Prisoners, COVID and Creativity: Prisoner Express Poetry Anthology Volume 24

This edition of the  Prisoner Express Poetry Anthology stands alone, as all of the entries were received during the pandemic. Those of us on the outside have a better understanding of the effects of isolation on our well-being. In prisons everything shut down and prisoners often watched the virus spread in their ranks. Many suffered, and reading, writing and reflecting  were some of the only tools available to incarcerated men and women to help them understand the times and experiences they were living through.

PE was fortunate to have Kimberly edit  of this volume of poetry. She along with  other PE volunteers read through thousands of poems from four hundred and fifty participants to select the poetry in this volume.

Click here to read Poetry Vol: 24

Below is the introduction Kimberly wrote for this edition.

This 24th volume of Prisoner Express’s poetry anthology is a special one. This past year we’ve experienced a global pandemic that took so many lives, as well as a racial reckoning across the country in response to the killings of unarmed Black people by the police. The tragedies and traumas of these events are expressed so beautifully within these pages. 

I am in awe at the amount of talent and introspection apparent in all the poems received. Every one of you is an artist, a poet. We received hundreds of submissions, but with only 28 pages our team could only choose so many. We mostly sought poems that touched on themes surrounding injustice, love, life in prison, and spirituality for this volume. Congrats to everyone whose poems were selected! Even if your poem was not selected for this anthology, I’d like to encourage you to continue writing and submitting your work to Prisoner Express. Not only is the next anthology right around the corner, but you all have gifts that deserve to be shared with others, and your voice deserves to be heard.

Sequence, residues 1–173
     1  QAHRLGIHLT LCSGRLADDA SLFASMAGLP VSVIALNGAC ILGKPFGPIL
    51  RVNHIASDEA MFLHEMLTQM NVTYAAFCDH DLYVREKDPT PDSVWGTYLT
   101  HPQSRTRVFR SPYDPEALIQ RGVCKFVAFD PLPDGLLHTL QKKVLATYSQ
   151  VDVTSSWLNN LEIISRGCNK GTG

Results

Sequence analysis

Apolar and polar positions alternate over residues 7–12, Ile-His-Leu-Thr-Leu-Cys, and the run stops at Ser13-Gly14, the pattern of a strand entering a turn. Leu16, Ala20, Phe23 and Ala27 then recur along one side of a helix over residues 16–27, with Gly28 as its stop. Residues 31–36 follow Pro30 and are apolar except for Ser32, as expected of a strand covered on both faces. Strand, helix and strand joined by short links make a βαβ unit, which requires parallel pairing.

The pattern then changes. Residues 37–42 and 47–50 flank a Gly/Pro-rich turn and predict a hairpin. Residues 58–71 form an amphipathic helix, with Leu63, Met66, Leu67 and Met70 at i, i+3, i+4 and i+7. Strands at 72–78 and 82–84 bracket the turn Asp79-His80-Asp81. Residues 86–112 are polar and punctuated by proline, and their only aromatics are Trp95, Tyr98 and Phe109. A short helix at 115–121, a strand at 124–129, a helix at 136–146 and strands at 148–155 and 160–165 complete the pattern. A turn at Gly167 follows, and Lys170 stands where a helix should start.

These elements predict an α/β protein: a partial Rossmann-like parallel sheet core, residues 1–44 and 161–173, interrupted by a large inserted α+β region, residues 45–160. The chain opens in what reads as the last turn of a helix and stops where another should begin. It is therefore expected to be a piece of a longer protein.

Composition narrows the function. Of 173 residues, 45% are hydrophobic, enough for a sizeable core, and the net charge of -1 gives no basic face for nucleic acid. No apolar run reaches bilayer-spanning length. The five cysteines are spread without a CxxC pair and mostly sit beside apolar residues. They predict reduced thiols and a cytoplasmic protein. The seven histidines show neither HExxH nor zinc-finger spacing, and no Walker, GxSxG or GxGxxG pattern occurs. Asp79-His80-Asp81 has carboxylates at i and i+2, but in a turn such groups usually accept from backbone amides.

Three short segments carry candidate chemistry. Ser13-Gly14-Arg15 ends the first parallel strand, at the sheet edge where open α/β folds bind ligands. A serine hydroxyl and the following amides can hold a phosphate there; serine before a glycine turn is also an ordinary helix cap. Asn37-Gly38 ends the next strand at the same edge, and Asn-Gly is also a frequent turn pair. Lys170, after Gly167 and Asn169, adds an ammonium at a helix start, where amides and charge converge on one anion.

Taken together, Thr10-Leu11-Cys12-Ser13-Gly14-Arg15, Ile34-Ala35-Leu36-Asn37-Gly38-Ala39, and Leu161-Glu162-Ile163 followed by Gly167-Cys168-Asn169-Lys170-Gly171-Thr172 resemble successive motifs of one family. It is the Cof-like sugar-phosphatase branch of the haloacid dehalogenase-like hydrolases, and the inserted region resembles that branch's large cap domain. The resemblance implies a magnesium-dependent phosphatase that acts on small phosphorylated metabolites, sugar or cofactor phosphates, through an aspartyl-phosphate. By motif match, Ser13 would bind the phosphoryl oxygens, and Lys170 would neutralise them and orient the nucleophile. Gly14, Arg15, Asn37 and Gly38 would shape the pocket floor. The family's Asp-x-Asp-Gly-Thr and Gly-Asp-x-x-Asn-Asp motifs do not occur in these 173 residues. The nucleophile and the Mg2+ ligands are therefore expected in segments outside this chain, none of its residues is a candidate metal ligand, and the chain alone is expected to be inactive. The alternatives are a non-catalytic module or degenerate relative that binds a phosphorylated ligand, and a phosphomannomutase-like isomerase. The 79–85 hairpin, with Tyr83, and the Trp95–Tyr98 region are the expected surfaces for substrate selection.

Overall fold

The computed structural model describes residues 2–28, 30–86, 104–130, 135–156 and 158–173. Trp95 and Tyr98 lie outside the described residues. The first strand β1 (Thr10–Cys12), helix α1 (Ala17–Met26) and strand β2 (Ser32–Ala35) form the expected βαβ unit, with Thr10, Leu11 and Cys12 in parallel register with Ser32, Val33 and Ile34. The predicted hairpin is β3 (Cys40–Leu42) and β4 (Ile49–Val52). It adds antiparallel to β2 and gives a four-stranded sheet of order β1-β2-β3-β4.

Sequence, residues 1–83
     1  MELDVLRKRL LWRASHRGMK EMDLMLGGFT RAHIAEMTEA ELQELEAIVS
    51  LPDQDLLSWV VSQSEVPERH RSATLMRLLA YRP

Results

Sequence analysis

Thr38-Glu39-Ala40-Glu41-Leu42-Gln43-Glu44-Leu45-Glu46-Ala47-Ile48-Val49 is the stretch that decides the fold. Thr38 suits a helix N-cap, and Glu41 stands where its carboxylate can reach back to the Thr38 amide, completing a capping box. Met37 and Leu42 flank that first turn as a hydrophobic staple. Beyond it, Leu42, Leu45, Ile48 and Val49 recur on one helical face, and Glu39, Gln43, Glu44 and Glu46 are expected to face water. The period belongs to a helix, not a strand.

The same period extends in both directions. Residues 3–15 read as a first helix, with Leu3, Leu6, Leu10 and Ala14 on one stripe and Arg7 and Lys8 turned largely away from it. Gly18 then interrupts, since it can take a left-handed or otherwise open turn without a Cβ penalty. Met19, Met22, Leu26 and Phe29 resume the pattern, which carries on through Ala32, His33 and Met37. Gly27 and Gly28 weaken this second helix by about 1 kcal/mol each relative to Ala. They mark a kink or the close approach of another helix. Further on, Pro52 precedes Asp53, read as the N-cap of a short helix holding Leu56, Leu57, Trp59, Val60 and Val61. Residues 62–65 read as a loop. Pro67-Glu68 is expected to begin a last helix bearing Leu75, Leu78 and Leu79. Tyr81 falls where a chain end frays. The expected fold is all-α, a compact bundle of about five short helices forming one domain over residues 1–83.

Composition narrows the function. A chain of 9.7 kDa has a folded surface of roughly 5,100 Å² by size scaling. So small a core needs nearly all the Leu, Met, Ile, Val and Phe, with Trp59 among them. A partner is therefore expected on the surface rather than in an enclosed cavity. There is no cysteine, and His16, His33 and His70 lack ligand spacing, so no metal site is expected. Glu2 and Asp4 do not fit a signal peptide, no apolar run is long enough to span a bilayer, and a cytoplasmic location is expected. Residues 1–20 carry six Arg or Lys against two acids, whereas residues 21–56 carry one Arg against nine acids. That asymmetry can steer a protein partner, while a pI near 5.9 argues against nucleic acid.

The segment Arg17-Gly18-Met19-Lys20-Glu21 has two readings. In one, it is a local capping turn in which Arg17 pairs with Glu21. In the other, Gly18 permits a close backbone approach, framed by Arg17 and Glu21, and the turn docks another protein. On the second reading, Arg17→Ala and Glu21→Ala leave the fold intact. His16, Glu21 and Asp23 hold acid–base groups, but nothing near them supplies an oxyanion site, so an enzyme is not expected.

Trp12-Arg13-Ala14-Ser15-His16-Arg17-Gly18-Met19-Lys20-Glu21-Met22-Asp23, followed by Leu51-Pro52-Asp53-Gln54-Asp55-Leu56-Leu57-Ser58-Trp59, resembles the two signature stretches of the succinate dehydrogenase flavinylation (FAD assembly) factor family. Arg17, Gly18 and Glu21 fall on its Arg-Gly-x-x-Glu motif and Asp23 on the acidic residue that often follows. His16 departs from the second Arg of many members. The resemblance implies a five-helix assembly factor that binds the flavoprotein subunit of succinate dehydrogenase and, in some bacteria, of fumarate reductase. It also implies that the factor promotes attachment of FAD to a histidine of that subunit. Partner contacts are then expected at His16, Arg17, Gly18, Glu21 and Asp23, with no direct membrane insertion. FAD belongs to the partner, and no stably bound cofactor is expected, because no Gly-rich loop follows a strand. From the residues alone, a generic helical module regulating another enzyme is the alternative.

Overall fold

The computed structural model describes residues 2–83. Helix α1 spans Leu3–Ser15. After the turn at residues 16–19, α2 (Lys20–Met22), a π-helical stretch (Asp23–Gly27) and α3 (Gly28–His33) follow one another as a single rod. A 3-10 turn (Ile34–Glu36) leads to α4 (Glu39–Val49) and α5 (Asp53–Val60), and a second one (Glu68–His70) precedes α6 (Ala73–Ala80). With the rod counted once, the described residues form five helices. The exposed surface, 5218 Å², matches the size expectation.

I feel eternally grateful to have been entrusted to put together this anthology for you. I hope you enjoy reading it as much as I enjoyed creating it.

Until next time,      Kimberly”


I hope you can find the time to read some of the poems and consider writing a letter to one of the prisoner `poets.

Welcome by Grady Harris

Welcome to Prison let your sentence begin

There’s plenty to cover once you get settled in.

You’ll get three outfits some old prison blues.

And the footwear comes standard with holes in the shoes.

They’ll give you a job. You must work everyday.

Yes, They’ll put you to work but they’ll give you no pay,

Now it’s off to the chow hall where in line you wait.

They’ll feed you three meals, but the food’s not that great.

Back in the block you can still sit in your cell,

You can think of what you bought in this little corner of hell.

The worst thing you’ll notice, Are the tricks of the mind, And how ever so slow goes the passage of time.

Each minute is an hour, Each hour is a day

So soon you will wonder how you’ll live life this way.

Excitement is high at mail call each night

For some hope is shattered… When loved ones don’t write.

Now it’s time for lights out, what a strange day it’s been.

It’s like living a nightmare, that won’t ever end.

When you wake up tomorrow. You’ll start it over again…

So Welcome to Prison let your Sentence Begin

Knowing that people on the outside are reading their words inspires these poets to look deeper and share more of their experience. If you want to get involved and want some help getting started email us at